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Pilots love to go fast, fly high, and give their passengers a great ride. One of the best ways to do that is by flying a multi-engine airplane. Here are some things you should know before you get started...
10 to 15 hours of flight instruction is what it takes for most students to get a multi-engine rating, plus ground school covering multi-engine aerodynamics and operations. If you're in a Part 141 training program, you could expect to fly as much as 20 hours to get through your checkride for a multi-engine certificate. Best part? No written exam required!
Performance loss is closer to 80%, due to the added drag created by the windmilling propeller, as well as how a twin flies through the air on one engine (more on this later!).
Flying over a large body of water or mountains? Not having a landing spot within gliding distance is stressful for any single engine pilot. Often times, twins have the performance to make it to an airport.
You're now faced with the question of what you're going to do where and when an engine fails. At different altitudes, in different configurations, with different landing options, you may or may not be able to maintain altitude, even with one engine still running. Spend the time to thoroughly plan how you'll handle engine problems well ahead of time and always pre-brief your decision points.
Shutting down the wrong engine if you experience an engine failure has some serious consequences, and it happens more often than you might think. Always identify, verify, and confirm that you're shutting down the correct engine before you begin to pull levers back.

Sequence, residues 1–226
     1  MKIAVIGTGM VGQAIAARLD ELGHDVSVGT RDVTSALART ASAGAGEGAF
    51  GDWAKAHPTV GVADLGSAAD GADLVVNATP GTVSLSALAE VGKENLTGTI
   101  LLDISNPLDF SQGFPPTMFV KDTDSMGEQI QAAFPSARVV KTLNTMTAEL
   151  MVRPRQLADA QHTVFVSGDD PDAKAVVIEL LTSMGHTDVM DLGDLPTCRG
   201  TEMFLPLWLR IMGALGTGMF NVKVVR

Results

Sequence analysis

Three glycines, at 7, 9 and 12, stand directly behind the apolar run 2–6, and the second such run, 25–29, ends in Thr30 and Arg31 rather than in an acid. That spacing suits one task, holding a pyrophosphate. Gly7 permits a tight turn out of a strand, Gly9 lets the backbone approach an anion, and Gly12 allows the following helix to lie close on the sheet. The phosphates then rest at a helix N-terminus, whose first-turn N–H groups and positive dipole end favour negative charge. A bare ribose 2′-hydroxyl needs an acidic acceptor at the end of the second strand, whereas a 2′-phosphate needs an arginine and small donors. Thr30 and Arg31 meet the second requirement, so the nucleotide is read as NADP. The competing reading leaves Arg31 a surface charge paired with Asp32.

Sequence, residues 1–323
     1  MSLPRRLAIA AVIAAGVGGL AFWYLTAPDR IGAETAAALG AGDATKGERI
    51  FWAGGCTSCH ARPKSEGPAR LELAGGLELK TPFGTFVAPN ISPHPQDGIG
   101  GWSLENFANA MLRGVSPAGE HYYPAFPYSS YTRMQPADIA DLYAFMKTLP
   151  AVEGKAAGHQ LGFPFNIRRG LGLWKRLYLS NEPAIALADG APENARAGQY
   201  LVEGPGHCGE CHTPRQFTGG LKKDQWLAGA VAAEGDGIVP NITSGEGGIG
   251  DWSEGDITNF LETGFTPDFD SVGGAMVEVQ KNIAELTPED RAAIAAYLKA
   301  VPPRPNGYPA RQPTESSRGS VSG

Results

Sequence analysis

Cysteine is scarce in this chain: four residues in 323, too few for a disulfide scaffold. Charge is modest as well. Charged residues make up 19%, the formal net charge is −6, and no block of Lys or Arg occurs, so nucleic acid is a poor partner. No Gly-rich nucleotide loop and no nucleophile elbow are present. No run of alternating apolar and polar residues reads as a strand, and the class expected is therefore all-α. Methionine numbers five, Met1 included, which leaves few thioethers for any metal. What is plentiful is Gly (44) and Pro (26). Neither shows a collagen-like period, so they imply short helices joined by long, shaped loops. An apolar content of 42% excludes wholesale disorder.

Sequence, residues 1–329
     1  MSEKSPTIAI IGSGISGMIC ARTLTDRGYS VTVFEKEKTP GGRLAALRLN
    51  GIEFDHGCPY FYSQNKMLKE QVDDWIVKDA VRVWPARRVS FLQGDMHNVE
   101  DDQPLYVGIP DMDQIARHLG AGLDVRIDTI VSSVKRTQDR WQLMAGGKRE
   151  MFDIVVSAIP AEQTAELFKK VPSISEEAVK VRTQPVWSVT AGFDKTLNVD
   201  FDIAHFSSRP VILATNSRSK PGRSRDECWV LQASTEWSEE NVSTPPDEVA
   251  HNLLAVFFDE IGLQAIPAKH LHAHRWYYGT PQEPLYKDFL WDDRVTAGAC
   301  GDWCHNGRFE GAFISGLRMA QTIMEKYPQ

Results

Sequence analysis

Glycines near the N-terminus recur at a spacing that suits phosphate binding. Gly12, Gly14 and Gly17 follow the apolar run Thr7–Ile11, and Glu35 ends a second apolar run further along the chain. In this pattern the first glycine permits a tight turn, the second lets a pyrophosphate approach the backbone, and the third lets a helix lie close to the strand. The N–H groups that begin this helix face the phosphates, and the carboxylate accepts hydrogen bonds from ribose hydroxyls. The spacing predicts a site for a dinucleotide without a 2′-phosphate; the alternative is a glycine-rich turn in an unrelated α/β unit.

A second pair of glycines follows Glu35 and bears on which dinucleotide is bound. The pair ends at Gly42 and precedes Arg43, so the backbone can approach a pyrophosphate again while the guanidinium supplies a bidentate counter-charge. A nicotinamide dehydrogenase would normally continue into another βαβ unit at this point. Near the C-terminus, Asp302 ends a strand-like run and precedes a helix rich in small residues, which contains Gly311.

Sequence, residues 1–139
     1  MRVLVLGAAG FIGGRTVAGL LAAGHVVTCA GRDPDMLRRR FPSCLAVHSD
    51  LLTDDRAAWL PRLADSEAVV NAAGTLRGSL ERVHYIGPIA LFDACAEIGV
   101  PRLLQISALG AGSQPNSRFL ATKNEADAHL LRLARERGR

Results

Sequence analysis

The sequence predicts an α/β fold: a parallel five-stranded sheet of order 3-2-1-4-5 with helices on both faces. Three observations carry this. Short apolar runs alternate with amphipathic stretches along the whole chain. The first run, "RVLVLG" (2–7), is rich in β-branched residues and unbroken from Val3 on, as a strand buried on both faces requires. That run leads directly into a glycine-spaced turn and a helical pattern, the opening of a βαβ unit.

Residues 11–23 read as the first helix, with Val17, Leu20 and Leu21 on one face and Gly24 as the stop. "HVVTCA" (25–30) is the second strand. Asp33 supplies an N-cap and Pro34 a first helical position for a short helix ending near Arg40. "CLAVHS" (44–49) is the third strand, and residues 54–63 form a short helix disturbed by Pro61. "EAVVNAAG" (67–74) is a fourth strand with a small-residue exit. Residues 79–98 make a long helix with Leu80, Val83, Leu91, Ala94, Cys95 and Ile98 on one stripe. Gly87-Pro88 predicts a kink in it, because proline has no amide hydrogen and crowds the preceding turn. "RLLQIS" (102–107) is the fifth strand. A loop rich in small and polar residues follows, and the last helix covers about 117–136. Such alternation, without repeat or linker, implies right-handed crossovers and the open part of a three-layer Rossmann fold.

In general, many multi-engine airplanes fly faster and higher than their single engine counterparts. Plus, the cabin is normally larger, adding some serious comfort for everyone sitting in the back.
Flying with zero sideslip will give you maximum performance and the best chance at climbing or maintaining altitude.
Want to travel the world? Getting your multi-engine rating is a prerequisite to flying professionally in some of the largest airplanes out there.
Whether you're ready to start your aviation career, or you just have a few questions about learning to fly, get in touch with the UND Aerospace team today.
Swayne is an editor at Boldmethod, commercially licensed pilot with multi-engine and instrument ratings, and a commercial aviation student at the University of North Dakota. He's the author of the articles, quizzes and lists you love to read every week. Swayne's experience ranges from international flights in a King Air F90 to ferrying a 1943 Grumman Widgeon across the country. You can reach Swayne at firstname.lastname@example.org, and follow his flying adventures at http://www.swaynemartin.com.